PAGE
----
When you’re fifteen

Gorilla Girl’s favorite music is Taylor Swift’s Fearless album.  She got the CD for Christmas, and we’ve been listening to it in my car endlessly.  One of Gorilla Girl’s favorite songs on the album is a song called, “Fifteen” about high school drama, first loves, and first kisses.  A few times, when I’ve told Gorilla Girl NO about one of her requests (like wearing nail polish or getting her ears pierced), she has responded with, “I wish I was fifteen.” I’ve asked her what she thinks will happen when she is fifteen. She says she will be in 7th grade, in my grade, and she will get to go on the monkey bars, too. I’m glad that her desire to be fifteen is grounded in her understanding that being fifteen means being in class with me — she probably won’t feel that way when she is actually in 7th grade. Being fifteen,  for GG does not seem to hold the mystery, yet, of boys and drama, and first kisses. If GG thinks fifteen means monkey bars and being in my class, I’ll take it.

I was grocery shopping on my own this weekend, a rarity, and I popped in Taylor Swift — I know, I  know.  How could I? “Fifteen” was playing, and I actually listened to it.  Usually, Monkey Man and Gorilla Girl are talking and singing, so I don’t pay much attention to the words.

It was strange to be transported by Swift’s voice and the song back to my own high school experience, and that first kiss.  I was passing my high school on the way to the grocery store, and in my mind’s eye, I saw the places where KD and I would hide out with our current boyfriend in order to sneak in those after school make out sessions.

Confession — my first kiss of any real quality was with a boy who, as it happens, is gay. He went to an all boys Catholic high school, and was a superstar runner.  He was also very cute. Who knows what he was doing those days, maybe trying to repress his true feelings, but he dated a few of my acquaintances, too. When we were boyfriend and girlfriend, we spent alot of time kissing, but it was otherwise a pretty innocent relationship.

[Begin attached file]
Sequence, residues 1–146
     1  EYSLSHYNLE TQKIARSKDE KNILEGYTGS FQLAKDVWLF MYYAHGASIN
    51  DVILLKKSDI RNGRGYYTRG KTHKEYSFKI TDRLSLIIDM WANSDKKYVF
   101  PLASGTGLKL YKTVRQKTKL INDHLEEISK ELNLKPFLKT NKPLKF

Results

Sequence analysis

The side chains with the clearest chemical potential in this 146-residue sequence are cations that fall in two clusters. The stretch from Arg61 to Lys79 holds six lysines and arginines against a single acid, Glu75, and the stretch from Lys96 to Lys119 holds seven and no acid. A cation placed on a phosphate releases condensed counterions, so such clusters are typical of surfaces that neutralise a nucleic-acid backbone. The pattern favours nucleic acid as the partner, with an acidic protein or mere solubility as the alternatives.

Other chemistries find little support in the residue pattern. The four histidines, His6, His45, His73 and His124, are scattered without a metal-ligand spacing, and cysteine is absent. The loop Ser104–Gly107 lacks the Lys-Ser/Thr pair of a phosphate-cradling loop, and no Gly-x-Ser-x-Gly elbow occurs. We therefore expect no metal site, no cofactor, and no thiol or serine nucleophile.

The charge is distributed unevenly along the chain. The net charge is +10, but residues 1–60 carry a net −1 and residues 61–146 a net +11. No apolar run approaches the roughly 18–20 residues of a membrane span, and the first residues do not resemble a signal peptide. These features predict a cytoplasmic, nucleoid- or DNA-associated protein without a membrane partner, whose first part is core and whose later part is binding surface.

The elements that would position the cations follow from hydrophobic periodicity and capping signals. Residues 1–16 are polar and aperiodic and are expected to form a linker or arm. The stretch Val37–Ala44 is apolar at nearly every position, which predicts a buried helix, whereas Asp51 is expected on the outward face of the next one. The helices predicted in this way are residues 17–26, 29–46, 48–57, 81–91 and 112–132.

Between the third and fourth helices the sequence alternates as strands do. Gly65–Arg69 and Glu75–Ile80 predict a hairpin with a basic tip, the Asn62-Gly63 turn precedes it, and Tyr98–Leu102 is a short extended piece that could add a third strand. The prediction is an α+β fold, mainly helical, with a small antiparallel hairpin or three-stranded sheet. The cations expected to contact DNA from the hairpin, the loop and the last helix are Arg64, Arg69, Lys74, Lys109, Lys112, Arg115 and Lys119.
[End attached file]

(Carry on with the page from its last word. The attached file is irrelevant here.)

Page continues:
JH, my boyfriend, was such a good runner that he went to the state cross country meet.  His whole team went, too.  I drove with his parents to watch him run, but on the return trip, his team thought it would be funny to dress me in the team warmup, which luckily included a hood, since I had long hair, and sneak me on the bus for the ride home.  JH was their hero — he’d place high at the state meet, and was “all state.” I suppose having his girlfriend ride the bus home was some sort of reward.  I don’t know if JH felt that way about it, but I do remember my own heart pounding with fear as I filed on to the bus with the rest of the team.  The coaches were milling around near the door, and I was terrified they’d catch me and I’d be stuck in Peoria without a ride back to Chicago.  Looking back, I don’t know how the coaches didn’t notice — they must have known how many heads they needed to count.  In my own experience as a coach, I don’t think I’d have missed something like that.  My guess is that they pretended not to notice, played dumb, and let us think we were pulling off the sneak of the century.

JH and I broke up eventually, and he finally came out — later, in college.

As Taylor Swift notes, we’re all still figuring out who we are when we’re fifteen.  I hope that GG will be able to look forward to telling her own fifteen stories — but not until she is really there.

This entry was posted in experience, growth, identity, nostalgia, stories and tagged , , , , , . Bookmark the permalink.

2 Responses to When you’re fifteen

  1. Great narrative! I was able to visualize everything. Fifteen is such a sweet, yet complicated age. Great song too.


  2. Great story. I enjoyed reading this.

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